Indian Journal of Sexually Transmitted Diseases and AIDS
LETTER TO EDITOR
Year
: 2011  |  Volume : 32  |  Issue : 1  |  Page : 58--59

Antimicrobial susceptibility of Neisseria gonorrhoeae in Pune from 1996 to 2007


Sangeeta Kulkarni1, Suvarna Sane2, Sanjay Mehendale3, Arun Risbud1,  
1 Department of Microbiology and Clinical Pathology, National AIDS Research Institute, Pune, Maharashtra, India
2 Department of Epidemiology & Biostatistics, National AIDS Research Institute, Pune, Maharashtra, India
3 National institute of Epidemiology, Chennai, India

Correspondence Address:
Sangeeta Kulkarni
Department of Microbiology and Clinical Pathology, National AIDS Research Institute, Pune - 26
India




How to cite this article:
Kulkarni S, Sane S, Mehendale S, Risbud A. Antimicrobial susceptibility of Neisseria gonorrhoeae in Pune from 1996 to 2007.Indian J Sex Transm Dis 2011;32:58-59


How to cite this URL:
Kulkarni S, Sane S, Mehendale S, Risbud A. Antimicrobial susceptibility of Neisseria gonorrhoeae in Pune from 1996 to 2007. Indian J Sex Transm Dis [serial online] 2011 [cited 2021 Apr 12 ];32:58-59
Available from: https://www.ijstd.org/text.asp?2011/32/1/58/81260


Full Text

Sir,

Gonorrhea is one of the most common sexually transmitted infections (STIs) in developing countries. The prevalence of gonorrhea in males aged between 15 and 49 years was estimated to be 1% in South and Southeast Asia. [1] Control of gonococcal infection is a difficult and a complex issue due to emergence of strains resistant to different antibiotics. Recent studies have revealed a high level of resistance against several antimicrobial agents, such as penicillin, tetracycline, and quinolones in different countries, including India, [2],[3] resulting in increasing challenges in the management of gonorrhea. Periodic monitoring for antimicrobial resistance against Neisseria gonorrhoeae provides essential information for updating local treatment guidelines. Therefore, the ongoing surveillance for antimicrobial resistance against N. gonorrhoeae is a public health strategy to detect its emergence and extent of spread and also to formulate national treatment guidelines for gonorrhea.

The present study describes the variation in antibiotic susceptibility pattern of 296 N. gonorrhoeae strains isolated from patients attending four sexually transmitted disease clinics from January 1996 to December 2007 as a part of ongoing long-term surveillance conducted at the National AIDS Research Institute in Pune city in India. Isolation, identification, and antibiotic susceptibility testing was performed as per standard guidelines. [4],[5]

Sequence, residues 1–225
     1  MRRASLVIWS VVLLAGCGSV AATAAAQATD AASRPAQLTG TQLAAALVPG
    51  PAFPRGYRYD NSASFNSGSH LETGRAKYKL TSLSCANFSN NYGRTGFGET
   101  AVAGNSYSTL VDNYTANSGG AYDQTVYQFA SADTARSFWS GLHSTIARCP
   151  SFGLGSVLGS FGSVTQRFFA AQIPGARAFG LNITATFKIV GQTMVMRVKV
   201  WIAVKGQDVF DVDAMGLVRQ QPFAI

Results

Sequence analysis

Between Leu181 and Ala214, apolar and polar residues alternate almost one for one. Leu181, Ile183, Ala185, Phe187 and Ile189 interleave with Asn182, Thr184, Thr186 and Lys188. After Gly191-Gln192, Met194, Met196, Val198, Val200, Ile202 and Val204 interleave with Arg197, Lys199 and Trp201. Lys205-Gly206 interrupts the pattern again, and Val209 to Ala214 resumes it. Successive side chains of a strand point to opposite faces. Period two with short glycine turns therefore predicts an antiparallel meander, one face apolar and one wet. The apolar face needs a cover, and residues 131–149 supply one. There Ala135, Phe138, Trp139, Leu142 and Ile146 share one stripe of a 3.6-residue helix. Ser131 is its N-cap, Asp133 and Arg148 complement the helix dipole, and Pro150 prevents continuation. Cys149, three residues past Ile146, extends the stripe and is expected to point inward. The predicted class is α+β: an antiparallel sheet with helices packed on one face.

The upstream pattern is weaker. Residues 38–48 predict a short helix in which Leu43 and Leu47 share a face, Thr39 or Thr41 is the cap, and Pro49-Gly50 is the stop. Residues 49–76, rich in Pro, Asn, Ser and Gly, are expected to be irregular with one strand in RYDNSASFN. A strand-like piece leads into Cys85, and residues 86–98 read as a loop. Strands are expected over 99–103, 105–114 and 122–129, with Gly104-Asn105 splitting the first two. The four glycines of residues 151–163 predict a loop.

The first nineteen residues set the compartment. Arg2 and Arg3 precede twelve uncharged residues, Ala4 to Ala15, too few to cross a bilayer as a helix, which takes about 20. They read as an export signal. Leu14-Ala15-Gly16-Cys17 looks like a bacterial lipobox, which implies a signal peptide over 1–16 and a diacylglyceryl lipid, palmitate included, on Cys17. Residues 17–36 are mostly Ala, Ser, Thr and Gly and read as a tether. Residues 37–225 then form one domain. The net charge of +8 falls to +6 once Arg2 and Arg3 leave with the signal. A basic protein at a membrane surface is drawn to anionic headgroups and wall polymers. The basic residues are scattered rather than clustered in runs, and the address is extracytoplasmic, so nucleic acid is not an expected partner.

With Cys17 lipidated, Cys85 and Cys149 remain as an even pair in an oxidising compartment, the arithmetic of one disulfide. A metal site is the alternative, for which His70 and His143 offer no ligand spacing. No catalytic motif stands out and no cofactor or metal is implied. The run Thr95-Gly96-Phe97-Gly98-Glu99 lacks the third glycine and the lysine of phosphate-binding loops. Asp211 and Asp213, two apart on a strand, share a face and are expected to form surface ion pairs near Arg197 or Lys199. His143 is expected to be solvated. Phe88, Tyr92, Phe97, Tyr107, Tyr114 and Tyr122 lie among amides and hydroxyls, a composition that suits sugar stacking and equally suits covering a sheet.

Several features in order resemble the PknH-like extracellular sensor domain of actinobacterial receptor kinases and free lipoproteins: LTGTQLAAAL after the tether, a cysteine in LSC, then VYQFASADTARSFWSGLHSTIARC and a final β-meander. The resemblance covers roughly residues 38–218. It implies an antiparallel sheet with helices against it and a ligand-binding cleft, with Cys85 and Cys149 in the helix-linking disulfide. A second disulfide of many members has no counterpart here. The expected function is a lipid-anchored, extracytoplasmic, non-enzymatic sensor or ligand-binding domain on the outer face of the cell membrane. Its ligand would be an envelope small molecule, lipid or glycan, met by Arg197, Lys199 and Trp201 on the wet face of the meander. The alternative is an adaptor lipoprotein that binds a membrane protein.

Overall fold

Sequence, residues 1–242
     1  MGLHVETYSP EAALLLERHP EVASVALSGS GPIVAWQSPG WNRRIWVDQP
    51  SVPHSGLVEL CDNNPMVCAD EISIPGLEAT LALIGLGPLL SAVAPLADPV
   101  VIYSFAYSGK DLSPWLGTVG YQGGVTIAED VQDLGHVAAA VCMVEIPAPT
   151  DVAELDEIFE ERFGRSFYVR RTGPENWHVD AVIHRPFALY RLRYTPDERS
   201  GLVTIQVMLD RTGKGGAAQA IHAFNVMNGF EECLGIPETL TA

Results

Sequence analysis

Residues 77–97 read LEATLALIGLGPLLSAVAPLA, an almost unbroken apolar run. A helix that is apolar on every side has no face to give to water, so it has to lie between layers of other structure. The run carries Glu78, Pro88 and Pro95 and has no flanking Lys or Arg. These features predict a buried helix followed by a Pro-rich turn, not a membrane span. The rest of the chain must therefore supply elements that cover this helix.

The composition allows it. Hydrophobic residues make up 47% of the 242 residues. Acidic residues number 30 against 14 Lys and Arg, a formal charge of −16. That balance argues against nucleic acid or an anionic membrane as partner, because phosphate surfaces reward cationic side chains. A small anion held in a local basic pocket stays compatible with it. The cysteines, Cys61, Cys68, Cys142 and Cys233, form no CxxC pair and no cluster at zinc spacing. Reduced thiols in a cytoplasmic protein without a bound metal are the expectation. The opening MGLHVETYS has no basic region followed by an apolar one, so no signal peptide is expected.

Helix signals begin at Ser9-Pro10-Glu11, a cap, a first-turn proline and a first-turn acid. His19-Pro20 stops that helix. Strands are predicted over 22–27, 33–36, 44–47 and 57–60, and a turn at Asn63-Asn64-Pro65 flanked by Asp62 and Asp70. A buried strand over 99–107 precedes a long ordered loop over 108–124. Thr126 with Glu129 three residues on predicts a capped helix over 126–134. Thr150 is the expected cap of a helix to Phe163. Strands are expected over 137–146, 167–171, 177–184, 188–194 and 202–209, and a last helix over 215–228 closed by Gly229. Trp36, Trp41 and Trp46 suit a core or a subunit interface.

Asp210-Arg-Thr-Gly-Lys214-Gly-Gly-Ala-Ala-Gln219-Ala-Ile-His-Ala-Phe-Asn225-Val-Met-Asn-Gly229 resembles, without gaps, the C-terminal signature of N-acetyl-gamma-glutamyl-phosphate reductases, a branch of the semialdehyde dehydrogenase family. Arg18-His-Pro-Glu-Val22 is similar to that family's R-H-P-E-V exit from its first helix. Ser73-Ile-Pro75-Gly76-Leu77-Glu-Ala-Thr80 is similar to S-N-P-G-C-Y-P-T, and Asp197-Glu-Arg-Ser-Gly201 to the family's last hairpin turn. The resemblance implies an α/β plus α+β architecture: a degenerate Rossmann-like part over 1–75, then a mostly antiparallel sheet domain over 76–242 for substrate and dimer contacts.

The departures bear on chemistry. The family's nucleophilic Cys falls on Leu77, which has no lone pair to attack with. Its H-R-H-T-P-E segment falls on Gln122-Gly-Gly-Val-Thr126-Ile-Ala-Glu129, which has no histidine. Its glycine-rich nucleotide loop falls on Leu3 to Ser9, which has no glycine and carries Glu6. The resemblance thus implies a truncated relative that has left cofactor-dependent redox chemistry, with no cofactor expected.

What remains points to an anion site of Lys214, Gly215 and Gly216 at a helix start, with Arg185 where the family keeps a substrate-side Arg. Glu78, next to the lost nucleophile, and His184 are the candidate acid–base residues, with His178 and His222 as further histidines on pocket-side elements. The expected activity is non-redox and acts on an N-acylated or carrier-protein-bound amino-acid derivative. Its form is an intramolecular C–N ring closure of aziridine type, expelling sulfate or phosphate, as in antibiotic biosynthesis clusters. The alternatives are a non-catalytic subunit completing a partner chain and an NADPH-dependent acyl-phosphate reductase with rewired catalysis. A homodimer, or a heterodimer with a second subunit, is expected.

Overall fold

Overall, increase in resistance for all antibiotics overtime, was recorded. Penicillin resistance showed an increasing trend from 13% in 1996 to 100% in 2007 and was found to be significant (P < 0.01). Ciprofloxacin resistance increased 72% in 1996 to 100% in 2007 and no significant trend was observed. The prevalence of plasmid-mediated penicillin-resistant gonococci strains increased significantly from 4% in 1996 to 25% in 2004 (P < 0.05). The MIC 90 values of the resistant isolates are shown in [Figure 1]. The ciprofloxacin MIC 90 (64 mg/L) for the isolates in 2007 was higher the isolates obtained in 1996 [MIC 90 (4 mg/L)]. All isolates were susceptible to ceftriaxone and spectinomycin except two obtained in 2005, which showed reduced susceptibility to ceftriaxone. No difference was observed in the antibiotic susceptibility pattern in N. gonorrhoeae strains isolated from HIV-positive and HIV-negative individuals.{Figure 1}

The study has the limitation of smaller number of isolates in the later years (2002-2007). The number of gonorrhea patients seen in the clinics drastically reduced overtime, which may be due to increased awareness or widespread use of syndromic management of the STD cases.

Antimicrobial susceptibility of N. gonorrhoeae isolated in Pune during the past decade was characterized by high rates of resistance to penicillin and ciprofloxacin. Cefixime is the first-line drug recommended under syndromic management of STIs according to the recent NACO guidelines for treatment of gonorrhea. [6] However, emergence of less susceptible strains to ceftriaxone [3] and cefixime have been reported from WHO regional and reference center Delhi (Personal communication) which highlights the importance of routine monitoring antibiotic resistance. Results of the study support the current recommendations of NACO for use of third-generation as the first choice drugs for the empirical treatment of gonorrhea in India.

 Acknowledgment



Authors thank all the NARI Clinic staff for providing support for recruitment of patients and collection of samples, and also acknowledge the Director, NARI, for extending support for the study. The study was supported by National Institute of Allergy and Infectious Diseases (NIAID), the National Institutes of Health (NIH) grants (NIH A1-33879, RR-00722R01, and R01 7891011, Family Health International (FHI), NIAID, NIH Contract N01 1234567; Fogarty International Center, NIH Fellowship grant TW00012345, and Indian Council of Medical Research (ICMR), India.

References

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